Pork is, perhaps, the supreme winter meat and has some wonderful cuts for stuffing and roasting. The tender fillets and loins, prized for their white, succulent meat, are perfect for pan frying or grilling and it also has some excellent, flavoursome odds and ends in the shape of trotters, knuckles and cheeks for braising and rich stews. Ribs are a relatively cheap cut of pork as they contain a smaller ratio of meat to bone. The discarded bones from chops are sold as spare ribs - pieces that have some meat, but not enough to be classed as proper chops. These can be marinated and grilled or barbecued. Ribs are also cut and sold in the same way as chops, with quite a large amount of meat still on the bone. The rib joint of pork contains more meat and can be treated like the rack of lamb as a piece that's ideal for open roasting or glazing and can be carved easily between the ribs so long as the chine bone is removed.
Gone are the day’s when pork was considered a rather inferior substitute for more expensive meats and pork is now the favourite meat in Spain. Nothing goes to waste as just about every part is put to good use in the making of sausage-like "Embutidos" (charcuterie). Among these are Chorizo, Salchichon, Morcilla, Butifarra, Sobrasada and off course, cured hams, Spain's most outstanding meat product. The most highly prized are those of jabugo" (Huelva), Guijuelo, Salamanca and Extremadura, made from the black Iberian pig (pata negra),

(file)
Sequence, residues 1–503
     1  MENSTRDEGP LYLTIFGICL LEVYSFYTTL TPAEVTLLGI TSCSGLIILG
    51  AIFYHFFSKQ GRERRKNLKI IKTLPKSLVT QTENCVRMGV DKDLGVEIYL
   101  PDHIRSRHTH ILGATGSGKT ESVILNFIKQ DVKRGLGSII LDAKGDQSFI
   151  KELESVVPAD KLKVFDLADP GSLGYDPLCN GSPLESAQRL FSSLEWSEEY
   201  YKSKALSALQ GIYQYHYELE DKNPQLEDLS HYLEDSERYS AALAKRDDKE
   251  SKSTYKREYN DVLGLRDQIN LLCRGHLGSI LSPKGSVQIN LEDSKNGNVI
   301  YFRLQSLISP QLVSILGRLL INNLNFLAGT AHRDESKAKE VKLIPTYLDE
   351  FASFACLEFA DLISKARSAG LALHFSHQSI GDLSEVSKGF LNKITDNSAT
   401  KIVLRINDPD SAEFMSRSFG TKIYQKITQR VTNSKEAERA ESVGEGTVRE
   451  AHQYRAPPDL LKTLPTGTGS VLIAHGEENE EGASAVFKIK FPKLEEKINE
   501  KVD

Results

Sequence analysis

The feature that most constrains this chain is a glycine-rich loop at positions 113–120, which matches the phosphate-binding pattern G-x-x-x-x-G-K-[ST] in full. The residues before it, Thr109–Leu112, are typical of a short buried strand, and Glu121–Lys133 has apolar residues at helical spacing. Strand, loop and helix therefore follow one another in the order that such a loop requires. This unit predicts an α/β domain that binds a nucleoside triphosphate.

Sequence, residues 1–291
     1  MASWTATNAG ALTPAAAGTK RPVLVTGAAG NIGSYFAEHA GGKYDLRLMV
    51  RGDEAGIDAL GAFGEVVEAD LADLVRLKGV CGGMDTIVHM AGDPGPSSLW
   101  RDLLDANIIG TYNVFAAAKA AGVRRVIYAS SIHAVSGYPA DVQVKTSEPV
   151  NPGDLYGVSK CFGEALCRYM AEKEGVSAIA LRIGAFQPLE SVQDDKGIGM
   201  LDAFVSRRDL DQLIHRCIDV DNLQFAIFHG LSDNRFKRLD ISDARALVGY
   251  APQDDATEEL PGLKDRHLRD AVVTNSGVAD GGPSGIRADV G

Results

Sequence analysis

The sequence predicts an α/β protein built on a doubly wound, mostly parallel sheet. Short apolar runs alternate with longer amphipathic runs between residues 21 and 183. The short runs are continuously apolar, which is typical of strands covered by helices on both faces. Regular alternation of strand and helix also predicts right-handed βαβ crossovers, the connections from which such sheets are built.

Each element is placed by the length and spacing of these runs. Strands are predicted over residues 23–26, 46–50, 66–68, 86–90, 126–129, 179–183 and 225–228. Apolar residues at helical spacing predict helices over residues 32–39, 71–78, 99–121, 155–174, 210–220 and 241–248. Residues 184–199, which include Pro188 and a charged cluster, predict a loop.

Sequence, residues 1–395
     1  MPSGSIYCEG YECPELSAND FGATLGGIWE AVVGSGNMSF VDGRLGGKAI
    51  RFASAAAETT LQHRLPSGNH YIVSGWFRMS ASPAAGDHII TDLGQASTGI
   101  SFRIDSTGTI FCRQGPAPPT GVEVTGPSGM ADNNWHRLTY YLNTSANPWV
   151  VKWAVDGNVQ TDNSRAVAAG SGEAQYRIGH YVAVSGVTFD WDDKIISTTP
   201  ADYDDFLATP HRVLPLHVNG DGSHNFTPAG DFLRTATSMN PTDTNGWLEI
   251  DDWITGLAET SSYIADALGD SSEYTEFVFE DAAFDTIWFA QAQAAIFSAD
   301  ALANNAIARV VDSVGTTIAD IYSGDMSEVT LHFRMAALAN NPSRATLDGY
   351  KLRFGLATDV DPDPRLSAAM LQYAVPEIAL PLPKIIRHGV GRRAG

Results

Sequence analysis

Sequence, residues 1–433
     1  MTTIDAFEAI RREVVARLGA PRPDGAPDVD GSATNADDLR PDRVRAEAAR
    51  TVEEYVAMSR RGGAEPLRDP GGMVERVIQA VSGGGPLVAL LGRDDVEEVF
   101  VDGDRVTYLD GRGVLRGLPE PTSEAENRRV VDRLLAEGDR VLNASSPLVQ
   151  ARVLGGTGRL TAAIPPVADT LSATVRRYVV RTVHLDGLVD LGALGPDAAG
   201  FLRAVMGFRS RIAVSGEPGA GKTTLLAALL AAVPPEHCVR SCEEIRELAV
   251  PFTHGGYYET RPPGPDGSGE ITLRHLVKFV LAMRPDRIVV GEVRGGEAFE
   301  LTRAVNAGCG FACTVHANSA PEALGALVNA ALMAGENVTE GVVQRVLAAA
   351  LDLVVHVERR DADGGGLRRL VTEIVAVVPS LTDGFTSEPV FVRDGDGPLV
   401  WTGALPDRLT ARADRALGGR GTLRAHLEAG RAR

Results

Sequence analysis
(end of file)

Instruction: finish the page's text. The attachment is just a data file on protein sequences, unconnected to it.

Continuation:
The "Cerdo Iberico De Bellota" are dark-coloured animals with longer legs and leaner haunches than the domestic pig. They roam free, feeding on acorns in the oak forests of Andalusia and extremadura. These acorns impart an intense, aromatic flavour and give the finished ham its unmistakable taste and texture. The art of producing top quality hams is a complex process regulated by strict controls as the legs are first salted and then hang to mature for a period of between 18 months to 3 years. The best hams should have a shiny dark red-brown colour, speckled with tiny white flecks from eating fatty acorns.
They should be sliced into almost transparent, wafer thin rashers from the leg and eaten immediately. A special support is used called “Jamonero" and a very sharp knife with a long narrow blade.
Pigs today are bred leaner and slaughtered younger than they used to be so when cooking lean cuts such as fillet and loin, care should be taken not to overcook them. The meat can sometimes be a little bland so it’s always a good idea to spice your pork up a little in Chinese style stir-fries, Thai curries or Cajun chilli dishes.
Ingredients: serves 6
1 kl pork spare ribs
1 litre chicken stock
1 tbsp. Brown sugar
100-ml Rice wine vinegar
4tbsp. Soy sauce
2tbsp. Chilli bean sauce
2tbsp. Black bean sauce
3tbsp. Hoi sin sauce
1tbsp. Tomato puree
2tbsp. Corn flour
3 Crushed garlic cloves
1tbsp. Chopped fresh ginger
Place the ribs in a large bowl and dust them lightly with seasoned flour. Fry the ribs in hot oil for about 2-3 minutes and drain well to remove the excess oil. Bring the chicken stock to the boil in a large heavy-bottomed saucepan. Dissolve the corn flour in a little cold water and whisk in to the boiling stock. Add the rest of the ingredients and turn down the heat to a gentle simmer.
Add the ribs and cook for 45 minutes until tender. Remove from the heat and leave to cool in the liquid. To serve: Remove the ribs from the sauce and roast the ribs in a hot oven for 10-15 minutes until crisp. Serve with a big green salad and plum sauce for dipping.